Click here to view article. Click here to see additional documents. Click here to download the app. This guideline does not apply to women at increased risk of breast cancer including women with a personal or family history of breast cancer, women who are carriers of gene mutations such as BRCA1 or BRCA2 or have a first-degree relative with these gene mutations, and women who had chest radiation therapy before 30 years of age or within the past eight years. The direction of each recommendation on screening with mammography is the same as in the previous recommendations, but the updated recommendations emphasize shared decision-making and are conditional on the relative value a woman places on possible benefits and harms of screening. Tools to support shared decision-making are available at www.
It all depends on your age and level of risk.
Breast Cancer Screening Guidelines
In , the American Cancer Society recommended annual mammography screening beginning at age 40 and continuing as long as a woman at average risk for breast cancer is in reasonably good health and is a candidate for treatment. All the recommendations apply to women at average risk, meaning those with no personal history of breast cancer, no genetic susceptibility to breast cancer, and no history of chest radiation treatment. Editorial: Optimizing Mammography Screening Intervals. Breast Cancer Screening: Benefits and Harms. Quantifying the Benefits and Harms of Screening Mammography.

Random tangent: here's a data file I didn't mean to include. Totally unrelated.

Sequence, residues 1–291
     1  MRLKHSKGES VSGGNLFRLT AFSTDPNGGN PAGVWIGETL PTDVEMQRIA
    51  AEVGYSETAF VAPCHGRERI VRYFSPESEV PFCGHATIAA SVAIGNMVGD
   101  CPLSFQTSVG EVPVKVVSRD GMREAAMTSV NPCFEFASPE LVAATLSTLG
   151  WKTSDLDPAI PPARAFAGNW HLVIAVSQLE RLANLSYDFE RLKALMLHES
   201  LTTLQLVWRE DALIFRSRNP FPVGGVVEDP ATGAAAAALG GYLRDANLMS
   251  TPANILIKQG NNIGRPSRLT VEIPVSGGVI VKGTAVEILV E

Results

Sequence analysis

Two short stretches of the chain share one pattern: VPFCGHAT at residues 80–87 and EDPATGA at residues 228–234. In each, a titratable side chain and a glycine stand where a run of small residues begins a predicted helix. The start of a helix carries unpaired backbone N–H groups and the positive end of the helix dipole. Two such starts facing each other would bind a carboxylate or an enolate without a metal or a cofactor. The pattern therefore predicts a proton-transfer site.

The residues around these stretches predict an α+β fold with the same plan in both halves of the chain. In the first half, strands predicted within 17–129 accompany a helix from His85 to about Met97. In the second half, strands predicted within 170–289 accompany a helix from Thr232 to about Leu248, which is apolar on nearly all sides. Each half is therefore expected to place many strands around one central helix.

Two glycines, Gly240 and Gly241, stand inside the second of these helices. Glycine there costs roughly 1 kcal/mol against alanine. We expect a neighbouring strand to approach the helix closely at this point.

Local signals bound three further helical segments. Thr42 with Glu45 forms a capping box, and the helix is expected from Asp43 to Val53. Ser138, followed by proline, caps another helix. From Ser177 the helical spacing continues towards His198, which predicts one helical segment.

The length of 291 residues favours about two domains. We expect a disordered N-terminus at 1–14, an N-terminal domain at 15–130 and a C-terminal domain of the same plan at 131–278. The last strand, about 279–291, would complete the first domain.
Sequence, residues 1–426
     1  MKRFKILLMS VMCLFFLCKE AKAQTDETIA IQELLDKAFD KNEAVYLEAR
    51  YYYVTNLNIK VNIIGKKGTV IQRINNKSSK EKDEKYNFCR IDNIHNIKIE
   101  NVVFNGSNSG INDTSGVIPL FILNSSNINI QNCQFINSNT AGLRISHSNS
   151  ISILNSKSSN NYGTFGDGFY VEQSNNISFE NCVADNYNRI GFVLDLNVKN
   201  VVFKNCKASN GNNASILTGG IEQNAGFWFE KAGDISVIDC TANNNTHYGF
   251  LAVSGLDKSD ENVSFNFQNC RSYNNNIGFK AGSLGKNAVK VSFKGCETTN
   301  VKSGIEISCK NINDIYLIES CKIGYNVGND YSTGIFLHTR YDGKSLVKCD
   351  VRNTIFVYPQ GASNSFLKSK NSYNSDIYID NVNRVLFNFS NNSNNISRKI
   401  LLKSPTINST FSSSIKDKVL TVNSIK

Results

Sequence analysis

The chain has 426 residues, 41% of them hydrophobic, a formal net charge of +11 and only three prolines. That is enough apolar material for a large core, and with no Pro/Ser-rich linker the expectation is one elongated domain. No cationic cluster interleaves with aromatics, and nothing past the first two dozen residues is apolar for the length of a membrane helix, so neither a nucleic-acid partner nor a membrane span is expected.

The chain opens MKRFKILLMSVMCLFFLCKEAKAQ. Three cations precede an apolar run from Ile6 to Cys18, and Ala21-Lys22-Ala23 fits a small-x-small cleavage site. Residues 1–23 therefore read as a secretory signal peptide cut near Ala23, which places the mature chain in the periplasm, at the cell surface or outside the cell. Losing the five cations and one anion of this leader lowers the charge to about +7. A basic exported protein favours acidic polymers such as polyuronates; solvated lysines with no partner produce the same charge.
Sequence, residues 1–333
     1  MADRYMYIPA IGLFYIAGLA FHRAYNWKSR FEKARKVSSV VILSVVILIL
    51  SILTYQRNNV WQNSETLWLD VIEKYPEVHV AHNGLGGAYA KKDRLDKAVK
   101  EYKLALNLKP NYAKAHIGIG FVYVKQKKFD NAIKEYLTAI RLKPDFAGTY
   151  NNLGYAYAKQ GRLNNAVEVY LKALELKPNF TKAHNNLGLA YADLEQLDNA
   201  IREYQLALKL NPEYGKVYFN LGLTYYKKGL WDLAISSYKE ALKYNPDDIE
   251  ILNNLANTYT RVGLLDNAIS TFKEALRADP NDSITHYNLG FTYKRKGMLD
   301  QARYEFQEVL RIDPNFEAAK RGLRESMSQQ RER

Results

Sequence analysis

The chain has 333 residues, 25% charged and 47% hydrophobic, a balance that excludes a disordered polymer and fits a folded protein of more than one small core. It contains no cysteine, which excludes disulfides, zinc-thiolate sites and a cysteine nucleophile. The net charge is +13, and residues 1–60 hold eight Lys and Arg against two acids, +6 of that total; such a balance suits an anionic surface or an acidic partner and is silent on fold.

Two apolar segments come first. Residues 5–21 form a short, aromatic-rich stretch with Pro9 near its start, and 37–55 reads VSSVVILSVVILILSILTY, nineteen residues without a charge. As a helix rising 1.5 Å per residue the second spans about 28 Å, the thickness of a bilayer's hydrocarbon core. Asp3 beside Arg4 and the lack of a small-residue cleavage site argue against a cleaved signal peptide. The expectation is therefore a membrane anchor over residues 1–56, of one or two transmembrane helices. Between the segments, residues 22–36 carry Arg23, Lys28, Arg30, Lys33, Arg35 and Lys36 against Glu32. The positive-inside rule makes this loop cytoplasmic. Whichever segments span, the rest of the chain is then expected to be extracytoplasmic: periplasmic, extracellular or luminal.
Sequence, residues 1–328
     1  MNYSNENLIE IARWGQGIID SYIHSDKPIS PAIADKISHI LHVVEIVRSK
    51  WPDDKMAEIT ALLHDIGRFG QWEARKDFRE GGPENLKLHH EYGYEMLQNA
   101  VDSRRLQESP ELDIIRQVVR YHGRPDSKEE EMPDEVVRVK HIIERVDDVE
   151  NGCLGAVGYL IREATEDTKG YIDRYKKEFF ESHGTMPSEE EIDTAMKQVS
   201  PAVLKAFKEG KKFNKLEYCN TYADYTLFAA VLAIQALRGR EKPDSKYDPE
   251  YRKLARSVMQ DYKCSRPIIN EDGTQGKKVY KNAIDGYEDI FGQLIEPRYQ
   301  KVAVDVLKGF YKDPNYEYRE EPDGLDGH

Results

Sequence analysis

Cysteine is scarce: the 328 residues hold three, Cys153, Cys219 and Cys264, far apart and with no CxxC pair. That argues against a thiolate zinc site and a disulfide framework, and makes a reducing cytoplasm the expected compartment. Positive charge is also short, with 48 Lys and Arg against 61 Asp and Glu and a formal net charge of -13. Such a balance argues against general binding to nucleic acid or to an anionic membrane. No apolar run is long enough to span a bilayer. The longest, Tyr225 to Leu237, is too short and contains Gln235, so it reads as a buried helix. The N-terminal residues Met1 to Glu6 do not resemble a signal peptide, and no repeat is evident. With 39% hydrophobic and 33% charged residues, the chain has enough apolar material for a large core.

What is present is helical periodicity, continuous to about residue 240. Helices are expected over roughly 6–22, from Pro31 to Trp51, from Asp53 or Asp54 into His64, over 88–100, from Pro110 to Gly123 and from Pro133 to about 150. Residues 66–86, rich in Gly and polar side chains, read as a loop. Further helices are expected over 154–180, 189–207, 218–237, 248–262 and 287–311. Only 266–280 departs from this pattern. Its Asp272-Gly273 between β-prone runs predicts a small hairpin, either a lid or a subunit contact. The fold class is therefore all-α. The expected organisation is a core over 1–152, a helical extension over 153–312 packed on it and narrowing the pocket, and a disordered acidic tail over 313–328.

Cancer Screening Guidelines
Find information about coronavirus and breast cancer screening. Mammography is the most effective screening tool used today to find breast cancer in most women. However, the benefits of mammography vary by age. Figure 3.
Read terms. Regular screening mammography starting at age 40 years reduces breast cancer mortality in average-risk women 2. Screening, however, also exposes women to harm through false-positive test results and overdiagnosis of biologically indolent lesions. Differences in balancing benefits and harms have led to differences among major guidelines about what age to start, what age to stop, and how frequently to recommend mammography screening in average-risk women 2 4.